Combat Sports in the Ancient World


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Competition, Violence, and Culture

Michael B. Poliakoff

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A leading authority on classical games here provides a comprehensive study of the practice of combat sports in the ancient civilizations of Greece, Rome, and the Near East. Describing and analyzing the sports of boxing, wrestling, stick-fighting, and pankration, Michael B. Poliakoff discusses such topics as the function of competition and violent games in ancient society; on the social background of the participants, showing the broad spectrum of Greek athletic personnel; on the significance of the appearance of combat sport in myth and literature; and on the alleged cultic functions of the ancient combat sports. The book is copiously illustrated with photographs of numerous objects rarely or never before published.

"A major contribution to the history of ancient sport, offering a new perspective to our understanding of classical civilizations."—Erich Segal









"The book is valuable for the numerous illustrations of ancient athletic technique, and for the author's explanations of the surviving literature on such things as injuries and illegal moves."—Choice

"In his delightfully readable book, Poliakoff writes primarily about the ancient Greeks, who even in athletics made a contribution that marked them out from other peoples."—John E. Rexine, Greek Accent

"The book is a well-researched contribution to the sport history literature. It is well-documented and makes for enjoyable reading."—Kendall Blanchard, American Anthropologist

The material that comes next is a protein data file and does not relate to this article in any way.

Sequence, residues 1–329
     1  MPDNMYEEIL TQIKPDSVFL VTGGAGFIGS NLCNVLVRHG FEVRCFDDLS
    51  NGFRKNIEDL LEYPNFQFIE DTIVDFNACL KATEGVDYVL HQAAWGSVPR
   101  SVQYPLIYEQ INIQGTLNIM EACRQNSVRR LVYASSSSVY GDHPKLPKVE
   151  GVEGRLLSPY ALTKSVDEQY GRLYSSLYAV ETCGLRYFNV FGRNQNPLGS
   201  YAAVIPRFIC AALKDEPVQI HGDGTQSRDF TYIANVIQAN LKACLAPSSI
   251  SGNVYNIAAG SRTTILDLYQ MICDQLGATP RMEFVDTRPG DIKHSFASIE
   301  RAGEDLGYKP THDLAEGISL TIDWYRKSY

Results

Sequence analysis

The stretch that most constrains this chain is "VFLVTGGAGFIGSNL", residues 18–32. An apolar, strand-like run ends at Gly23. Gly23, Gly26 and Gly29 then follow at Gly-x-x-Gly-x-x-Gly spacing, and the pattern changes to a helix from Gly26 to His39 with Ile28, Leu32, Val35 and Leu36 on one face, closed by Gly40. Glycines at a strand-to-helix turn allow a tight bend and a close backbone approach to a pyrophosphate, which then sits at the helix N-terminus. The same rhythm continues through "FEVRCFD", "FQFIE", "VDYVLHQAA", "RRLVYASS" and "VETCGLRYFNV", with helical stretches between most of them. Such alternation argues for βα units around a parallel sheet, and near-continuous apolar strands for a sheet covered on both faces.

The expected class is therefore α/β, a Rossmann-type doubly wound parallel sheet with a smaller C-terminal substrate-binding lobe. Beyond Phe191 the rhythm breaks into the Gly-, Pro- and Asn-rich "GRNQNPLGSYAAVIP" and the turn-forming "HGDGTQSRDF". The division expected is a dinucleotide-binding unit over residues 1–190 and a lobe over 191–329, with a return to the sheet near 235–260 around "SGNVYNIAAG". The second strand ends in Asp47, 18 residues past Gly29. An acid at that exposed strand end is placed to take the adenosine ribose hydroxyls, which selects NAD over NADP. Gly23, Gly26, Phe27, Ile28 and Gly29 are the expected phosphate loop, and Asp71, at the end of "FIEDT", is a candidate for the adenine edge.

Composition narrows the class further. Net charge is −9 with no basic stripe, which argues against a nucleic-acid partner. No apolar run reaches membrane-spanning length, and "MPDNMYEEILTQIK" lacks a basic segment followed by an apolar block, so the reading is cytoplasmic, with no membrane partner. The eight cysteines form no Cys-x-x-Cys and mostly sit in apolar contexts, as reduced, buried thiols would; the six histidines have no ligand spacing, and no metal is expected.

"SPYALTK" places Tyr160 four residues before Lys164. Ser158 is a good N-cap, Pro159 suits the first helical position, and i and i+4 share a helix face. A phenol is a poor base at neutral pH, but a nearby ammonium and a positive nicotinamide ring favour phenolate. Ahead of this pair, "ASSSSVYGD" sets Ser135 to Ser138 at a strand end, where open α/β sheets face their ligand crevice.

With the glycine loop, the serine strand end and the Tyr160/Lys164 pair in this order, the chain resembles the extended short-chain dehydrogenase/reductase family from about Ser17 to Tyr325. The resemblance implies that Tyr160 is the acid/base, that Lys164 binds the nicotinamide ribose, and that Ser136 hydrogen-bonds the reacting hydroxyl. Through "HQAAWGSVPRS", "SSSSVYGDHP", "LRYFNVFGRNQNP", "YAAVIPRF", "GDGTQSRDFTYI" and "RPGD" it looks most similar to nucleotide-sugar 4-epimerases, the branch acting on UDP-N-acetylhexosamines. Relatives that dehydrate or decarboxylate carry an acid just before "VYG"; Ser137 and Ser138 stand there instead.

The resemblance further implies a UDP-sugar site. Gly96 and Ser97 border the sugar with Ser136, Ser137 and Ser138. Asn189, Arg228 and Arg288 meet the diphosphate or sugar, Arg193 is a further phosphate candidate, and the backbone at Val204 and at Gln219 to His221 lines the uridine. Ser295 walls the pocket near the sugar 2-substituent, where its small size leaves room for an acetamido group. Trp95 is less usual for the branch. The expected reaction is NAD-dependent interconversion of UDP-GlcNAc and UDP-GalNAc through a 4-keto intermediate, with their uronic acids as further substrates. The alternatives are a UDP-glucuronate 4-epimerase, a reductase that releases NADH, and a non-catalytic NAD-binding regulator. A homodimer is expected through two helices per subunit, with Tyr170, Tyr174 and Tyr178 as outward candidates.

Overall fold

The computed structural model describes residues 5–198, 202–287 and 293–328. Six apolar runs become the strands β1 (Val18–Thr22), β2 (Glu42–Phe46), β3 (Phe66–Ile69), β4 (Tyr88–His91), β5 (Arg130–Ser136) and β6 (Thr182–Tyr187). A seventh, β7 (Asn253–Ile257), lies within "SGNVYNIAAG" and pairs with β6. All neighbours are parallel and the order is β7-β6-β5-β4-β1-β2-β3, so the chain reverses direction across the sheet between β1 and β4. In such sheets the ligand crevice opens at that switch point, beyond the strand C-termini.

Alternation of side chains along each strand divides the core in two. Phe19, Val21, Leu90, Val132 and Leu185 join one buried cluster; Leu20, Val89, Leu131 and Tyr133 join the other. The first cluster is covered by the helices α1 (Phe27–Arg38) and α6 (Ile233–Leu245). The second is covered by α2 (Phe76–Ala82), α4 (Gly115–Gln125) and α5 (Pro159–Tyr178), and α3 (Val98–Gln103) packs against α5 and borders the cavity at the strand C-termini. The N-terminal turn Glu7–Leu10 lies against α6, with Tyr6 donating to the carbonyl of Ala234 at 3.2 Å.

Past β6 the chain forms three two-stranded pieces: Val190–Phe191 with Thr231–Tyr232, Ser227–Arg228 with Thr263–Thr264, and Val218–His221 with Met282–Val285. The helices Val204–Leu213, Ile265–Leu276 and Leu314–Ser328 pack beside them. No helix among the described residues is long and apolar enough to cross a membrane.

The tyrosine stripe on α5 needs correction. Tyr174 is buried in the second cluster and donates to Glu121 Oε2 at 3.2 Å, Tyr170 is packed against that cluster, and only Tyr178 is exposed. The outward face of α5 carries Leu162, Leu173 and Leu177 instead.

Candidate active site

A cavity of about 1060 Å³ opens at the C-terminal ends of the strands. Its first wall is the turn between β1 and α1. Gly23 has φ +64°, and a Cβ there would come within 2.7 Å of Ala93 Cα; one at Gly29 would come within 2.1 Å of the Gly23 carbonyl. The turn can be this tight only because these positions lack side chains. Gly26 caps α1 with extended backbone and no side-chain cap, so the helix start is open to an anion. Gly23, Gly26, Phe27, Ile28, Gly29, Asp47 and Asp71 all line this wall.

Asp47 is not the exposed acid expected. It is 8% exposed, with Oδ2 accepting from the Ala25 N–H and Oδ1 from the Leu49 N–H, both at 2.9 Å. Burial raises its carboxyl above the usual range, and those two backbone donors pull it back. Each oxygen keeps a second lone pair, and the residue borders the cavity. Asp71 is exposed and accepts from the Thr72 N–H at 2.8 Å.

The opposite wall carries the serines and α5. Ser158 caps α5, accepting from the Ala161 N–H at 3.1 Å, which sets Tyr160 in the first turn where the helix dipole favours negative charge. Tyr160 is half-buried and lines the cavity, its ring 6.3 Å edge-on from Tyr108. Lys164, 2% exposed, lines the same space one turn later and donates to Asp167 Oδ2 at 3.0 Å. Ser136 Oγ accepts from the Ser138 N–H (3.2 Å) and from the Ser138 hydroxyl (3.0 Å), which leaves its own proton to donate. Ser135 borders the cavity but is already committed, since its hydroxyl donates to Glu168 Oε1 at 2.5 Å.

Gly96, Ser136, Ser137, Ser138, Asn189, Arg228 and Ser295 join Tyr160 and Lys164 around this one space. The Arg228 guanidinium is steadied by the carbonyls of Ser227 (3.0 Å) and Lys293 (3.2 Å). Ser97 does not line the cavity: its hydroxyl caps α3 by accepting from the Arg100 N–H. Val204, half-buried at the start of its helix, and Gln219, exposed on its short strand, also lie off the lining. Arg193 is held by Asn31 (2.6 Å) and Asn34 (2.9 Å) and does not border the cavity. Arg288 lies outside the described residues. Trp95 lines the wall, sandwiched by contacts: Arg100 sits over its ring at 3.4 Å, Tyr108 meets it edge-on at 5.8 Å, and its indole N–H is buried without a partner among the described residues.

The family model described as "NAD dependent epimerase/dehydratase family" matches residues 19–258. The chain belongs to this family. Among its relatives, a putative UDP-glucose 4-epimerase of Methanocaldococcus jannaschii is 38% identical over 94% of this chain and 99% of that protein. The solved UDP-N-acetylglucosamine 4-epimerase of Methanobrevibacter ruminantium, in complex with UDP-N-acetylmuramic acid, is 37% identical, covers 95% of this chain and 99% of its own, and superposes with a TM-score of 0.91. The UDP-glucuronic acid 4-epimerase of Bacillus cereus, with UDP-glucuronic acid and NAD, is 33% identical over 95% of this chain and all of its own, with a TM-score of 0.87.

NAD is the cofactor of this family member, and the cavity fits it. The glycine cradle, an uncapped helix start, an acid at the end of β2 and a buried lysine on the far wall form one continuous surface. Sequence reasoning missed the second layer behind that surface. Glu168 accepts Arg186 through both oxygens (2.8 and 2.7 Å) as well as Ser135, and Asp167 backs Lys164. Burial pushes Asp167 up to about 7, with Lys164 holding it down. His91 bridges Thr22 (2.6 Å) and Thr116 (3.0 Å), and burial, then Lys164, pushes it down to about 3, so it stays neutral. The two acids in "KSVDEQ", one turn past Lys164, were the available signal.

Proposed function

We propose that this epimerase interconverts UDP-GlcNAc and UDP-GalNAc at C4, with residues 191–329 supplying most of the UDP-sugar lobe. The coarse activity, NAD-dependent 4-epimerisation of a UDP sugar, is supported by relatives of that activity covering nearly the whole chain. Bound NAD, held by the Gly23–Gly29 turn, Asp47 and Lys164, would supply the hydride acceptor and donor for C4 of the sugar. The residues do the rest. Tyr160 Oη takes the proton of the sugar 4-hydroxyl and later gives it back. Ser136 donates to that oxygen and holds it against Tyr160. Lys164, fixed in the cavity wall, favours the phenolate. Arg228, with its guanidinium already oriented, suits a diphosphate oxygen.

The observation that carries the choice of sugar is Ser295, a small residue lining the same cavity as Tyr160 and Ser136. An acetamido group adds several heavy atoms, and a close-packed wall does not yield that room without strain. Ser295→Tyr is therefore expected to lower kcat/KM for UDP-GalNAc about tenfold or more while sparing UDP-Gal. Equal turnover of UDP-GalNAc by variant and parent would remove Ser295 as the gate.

"A significant advance toward understanding ancient sport, and Greek civilization generally, from a unique and valuable perspective."—Thomas F. Scanlon, Classical World

"In his delightfully readable book Poliakoff writes primarily about the ancient Greeks, who even in athletics made a contribution and marked them out from other peoples. . . . A delightful exploration of one part of the Greek heritage that has made itself felt in the American experience. Sports lovers as well as those not athletically inclined will derive pleasure and profit from reading it."—John E. Rexine, Hellenic Chronicle

"A very useful addition to bibliographies on ancient sport."—Victor J. Matthews, Phoenix

"This is a well-written, well-designed and handsomely-printed volume, which, within the limits it sets itself, is a valuable contribution to the literature of ancient sport."—F.A. Beck, Classical Views

"Sports historians—no matter what their field of expertise—will want to read Combat Sports In The Ancient World and to recommend it to their students as a fine introduction to an awesomely complex topic."—Allen Guttmann, Journal of Sport History

"The book provides an excellent view of ancient societies through their principal combat sports—boxing, wrestling, and the pankration, a combination of the two plus kicking. . . . Poliakoff. . . gives us a clear and accurate picture of the nature, use, and meaning of combat sports in ancient times. . . . A valuable addition to the literature on ancient sport because it not only expands our knowledge of ancient times but it also refines our thinking about the needs and behaviors of our forebears. . . . I welcome Poliakoff's book. His analysis of ancient combat sports has given me a clearer picture of their purpose and meaning. . . . This book is not just for students of ancient sport and culture but for anyone interested in the nature of competition and violence in sport."—J. Thomas Jable, Sociology of Sport Journal

"Provocative but not pedantic, Poliakoff's work is essential reading for anyone interested in sport and antiquity."—Donald G. Kyle, American Historical Review

"Classicists as well as students of the history of sport will be grateful for this perceptive, lucid and provocative work."—Anthony J. Papalas, International Journal of the History of Sport
ISBN: 9780300063127
Publication Date: April 26, 1995
220 pages, 6 x 9
96 b/w illus.